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MCU-Driven Art
In North America, most radio-controlled clocks use WWVB’s transmissions to set the correct time. WWVB is a Colorado-based time signal radio station. Learn how these two Cornell students designed and built a prototype of a Digital WWVB Clock. The project’s main components include a Microchip PIC32 MCU, an external oscillator and a display.

In this article we explain how we designed and built a prototype of a Digital WWVB Clock, based on the design of the building at 200 Water Street in Lower Manhattan (Figure 1). Jason has always wanted to pay homage to this clock, as he finds the design inspiring. In this, our final project at Cornell, we were determined to utilize the same design to create a functional piece of technology that adds color, vibrancy and time to any room.

Making a clock requires a time base, a control circuit and a display. We implemented the time base and control on a Microchip PIC32MX250F128B microcontroller (MCU), using a development board built at Cornell University [1]. The clock has an external oscillator keeping time with an accuracy of ±1 minute per year, and a WWVB receiver for setting the time whenever the signal can be received. Time is displayed on a panel in front of 72 Adafruit DotStar LEDs. The clock takes input from three push buttons that select the mode of operation: Time, Date and Temperature. Additionally, because the project was inspired by a piece of visual art, we put extra effort into making it aesthetically pleasing, using wood instead of cardboard, and by eliminating the leakage of light between the LEDs by creating an individual housing for each one. Figure 2 shows the full electrical schematic of the clock and peripheral devices.

We built the housing out of a combination of plywood sheets and softwood planks. The front panel was a piece of quarter inch plywood that was laser-cut at Cornell Rapid Prototyping Lab (RPL) [2] to represent the numbers. It was later drilled from the front and the back to install the buttons. The back face was a piece of quarter inch plywood that was drilled in the back for the ventilation of the power supply. The sides of the frame were 0.5” thick pieces of softwood, drilled on the bottom to hold the power supply in place, and on the left for the 120 VAC cord path.

We also secured the AC cord—consisting of line, neutral and ground cables—with zip-ties on either side of the left wall. We did this to ensure that if it were pulled, it wouldn’t come out of the power supply—which would cause electrical damage and endanger the user. We hot-glued the LED strips to the back face. To create a housing for each separate LED light and prevent light from leaking into other numbers, six long horizontal ribs were made out of quarter inch plywood and cut on a band-saw to fit into the box. Sixty-six short vertical ribs were laser-cut from pieces of leftover quarter inch plywood. The ribs were fitted to house the lights and hot-glued in place (Figure 3).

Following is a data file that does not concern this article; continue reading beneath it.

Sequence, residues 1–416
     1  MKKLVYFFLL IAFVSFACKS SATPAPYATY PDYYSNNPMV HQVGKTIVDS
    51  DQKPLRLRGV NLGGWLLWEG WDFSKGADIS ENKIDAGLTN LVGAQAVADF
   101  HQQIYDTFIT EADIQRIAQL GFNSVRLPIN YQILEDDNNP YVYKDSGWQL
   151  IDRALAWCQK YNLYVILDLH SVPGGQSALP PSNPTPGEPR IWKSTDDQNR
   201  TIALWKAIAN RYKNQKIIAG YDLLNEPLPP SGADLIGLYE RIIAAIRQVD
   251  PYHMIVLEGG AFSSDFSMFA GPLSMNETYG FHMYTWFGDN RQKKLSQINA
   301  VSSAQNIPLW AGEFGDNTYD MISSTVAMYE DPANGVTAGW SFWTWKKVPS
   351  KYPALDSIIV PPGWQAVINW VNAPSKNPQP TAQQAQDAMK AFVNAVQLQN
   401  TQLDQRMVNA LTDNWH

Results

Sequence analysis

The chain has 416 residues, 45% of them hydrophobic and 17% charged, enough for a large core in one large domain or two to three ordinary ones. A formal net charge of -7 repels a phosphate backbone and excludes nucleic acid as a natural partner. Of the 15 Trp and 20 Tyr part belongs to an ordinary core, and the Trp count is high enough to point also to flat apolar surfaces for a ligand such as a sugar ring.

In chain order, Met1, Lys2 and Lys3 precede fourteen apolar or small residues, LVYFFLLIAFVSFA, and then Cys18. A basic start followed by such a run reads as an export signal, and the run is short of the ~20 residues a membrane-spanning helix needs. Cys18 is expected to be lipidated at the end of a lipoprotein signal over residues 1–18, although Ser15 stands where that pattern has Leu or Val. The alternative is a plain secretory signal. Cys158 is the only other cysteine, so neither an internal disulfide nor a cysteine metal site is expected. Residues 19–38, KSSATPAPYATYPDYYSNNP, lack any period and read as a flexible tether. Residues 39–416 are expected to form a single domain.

We chose DotStar LED strips for their brilliant and vibrant colors. They had the added benefits of being easy to program and having good documentation, though they were somewhat costly. We chose strips that had 30 LEDs per meter, to space-out each LED in its own box. The DotStars support 8-bit RGB color, which allowed us extreme flexibility for color choice. Their implementation was complicated, as we had to solder them with short wires, based on research of the possible problems associated with using longer wires between cut strips.

We had the clock numbers displayed on the face of the clock ordered from left to right, top to bottom, wrapping around from the right end of one row to begin at the left end of the next (Table 1, red). However, we couldn’t have long wires stretching across the face, so we wrapped the LED strip in a “snake” pattern around the box, (Table 1, blue). Another good reason to use the DotStars was for their simple and reliable communication protocol via SPI. DotStars require 5 V power and 5 V command signals. Powering them was not an issue, because all our other components also used 5 V. To drive them from the PIC32 MCU, we used a voltage level translator to convert the 3.3 V PIC32 MCU signals to 5 V.”

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